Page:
Back in the middle of April, when everyone was terrified, the economy in full free fall, markets around the world had collapsed, and people had no idea how this thing would play out, my Spidey-sense began tingling.
I recognized the sensation from what took place during the last crisis, when the entire population was completely blind-sided. It was sometime around 2010 that there were signs people completely forgot that they were just blindsided by events they failed to anticipate. Afflicted with the financial equivalent of PTSD, one way of coping was denial: Of course we saw it coming! It was so obvious!
A quick war story:
The CNBC studios on Madison Avenue were more an office than a TV production facility. The recording rooms were closets with cameras, klieg lights and a seat. I had already written about how backwards the economy was, driven by low rates and real estate instead of job creation and wage gains; my Cult of the Bear piece analyzing the impact on the markets of a possible 30% drop in real estate with a downside target for the Dow of 6,800 (from 13,000) was widely excoriated.
I had been doing TV regularly since 2003, and this session was the first time an anchor actually laughed at my commentary and analysis — live on the air, actually guffawed out loud.
Also on the show: Peter Boockvar. The anchor asked Peter what he thought of my absurdity, the mere possibility markets could get cut in half. I have a vivid recollection of Peter saying “Well, no one thought real estate could fall, and that is rolling over. A market crash is more possible than many people believe.”
After the hit, Pete and I walked back towards respective offices in midtown. We marveled at the groupthink, that merely discussing the possibility of a market crash could elicit laughter. We were less than 5 years from the dotcom crash lows, when the tech-heavy Nasdaq lost 80% of its value — and it was already forgotten. “Can you believe that bullshit?” one of us asked the other (and I don’t recall who). “Its as if they cannot even imagine what just happened.”
Fast forward a few years later — residential housing collapses over 30%, subprime blows up, as do all of the securitized structured products built on top of it — CLOs, CDOs, CMOs, etc. Markets fall 56%, Unemployment exceeds 10%, yadda, yadda, yadda. I am at a small dinner in midtown around 2013, with some hedge fund managers, economists, and a Nobel prize winner. Of the 10 people in the room, 6 had published work in advance about what was about to hit in 2008. We marvel at all the people who not only forecast the economic collapse, yet somehow, they never managed to publish on it. One name comes up repeatedly, and I comment “For guy who saw it coming, leveraged long financial stocks was certainly a surprising way to express that view.”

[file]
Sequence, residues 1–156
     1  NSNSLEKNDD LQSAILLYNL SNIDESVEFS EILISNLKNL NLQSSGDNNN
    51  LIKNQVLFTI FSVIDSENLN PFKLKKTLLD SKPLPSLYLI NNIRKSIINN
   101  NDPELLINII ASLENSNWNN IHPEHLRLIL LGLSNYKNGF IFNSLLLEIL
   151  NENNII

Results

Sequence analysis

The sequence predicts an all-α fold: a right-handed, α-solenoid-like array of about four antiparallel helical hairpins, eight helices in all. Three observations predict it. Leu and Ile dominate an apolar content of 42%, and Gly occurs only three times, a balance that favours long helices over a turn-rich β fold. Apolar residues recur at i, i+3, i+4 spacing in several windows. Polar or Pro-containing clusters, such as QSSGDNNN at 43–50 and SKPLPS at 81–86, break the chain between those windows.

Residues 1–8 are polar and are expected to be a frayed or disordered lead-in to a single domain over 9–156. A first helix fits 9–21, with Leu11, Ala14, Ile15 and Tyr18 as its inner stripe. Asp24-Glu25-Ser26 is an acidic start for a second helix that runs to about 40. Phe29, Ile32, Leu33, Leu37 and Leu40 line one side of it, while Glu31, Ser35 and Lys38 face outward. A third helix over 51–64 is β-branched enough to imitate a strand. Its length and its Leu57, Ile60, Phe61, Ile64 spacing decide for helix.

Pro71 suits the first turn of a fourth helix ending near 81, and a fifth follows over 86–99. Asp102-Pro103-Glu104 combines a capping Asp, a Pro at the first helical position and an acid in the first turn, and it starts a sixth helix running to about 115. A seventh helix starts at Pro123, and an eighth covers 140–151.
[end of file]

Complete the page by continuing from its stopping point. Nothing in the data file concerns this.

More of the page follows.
But here is the thing: None of the people who remember calling the crash are liars, they are simply humans. Our cognitive processes evolved to facilitate adaptation and survival on the savannah, not financial decision making or capital risk taking in markets. This is why traders are advised to keep a trading journal, sign a prenup before they make each trade. When they do their post-mortem for a trade gone wrong, they can see exactly what they were thinking in black & white, freed from the vicissitudes of faulty recall and biased memories.
And here we are today, with the exact same scenarios playing out.
Why did we need a lockdown? Why were those models so wrong about the death count? What is with this over-reaction? Why is the cure worse than the disease? And do I really have to wear a mask to go to CostCo? To these people who foresaw the future, only one question persists: Why didn’t you express your prescience by loading up when the market crashed?
This is why forecasting is so difficult. Markets are probabilistic mechanisms, collectively allocating capital with imperfect information about an inherently unknowable future. But that’s merely the a priori issue; add to that the posteriori: our all too human tendency to rationalize, to misremember, to lie to ourselves, which makes learning from our failures all the more difficult.
I don’t get angry, but I will admit to a little wistfulness. All of this effort to educate, to teach, to use the events to help people understand themselves, the economy and markets, their own portfolios sometimes seems almost futile. And then I remember that not everyone is going to get it. That you cannot save the world, only those who want to be saved. Either you are open minded to the possibility that you don’t know, or you get blind-sided by your refusal to acknowledge that you don’t know.
The first rule of Dunning Kruger Club is that you don’t know you are a member of the Dunning Kruger Club…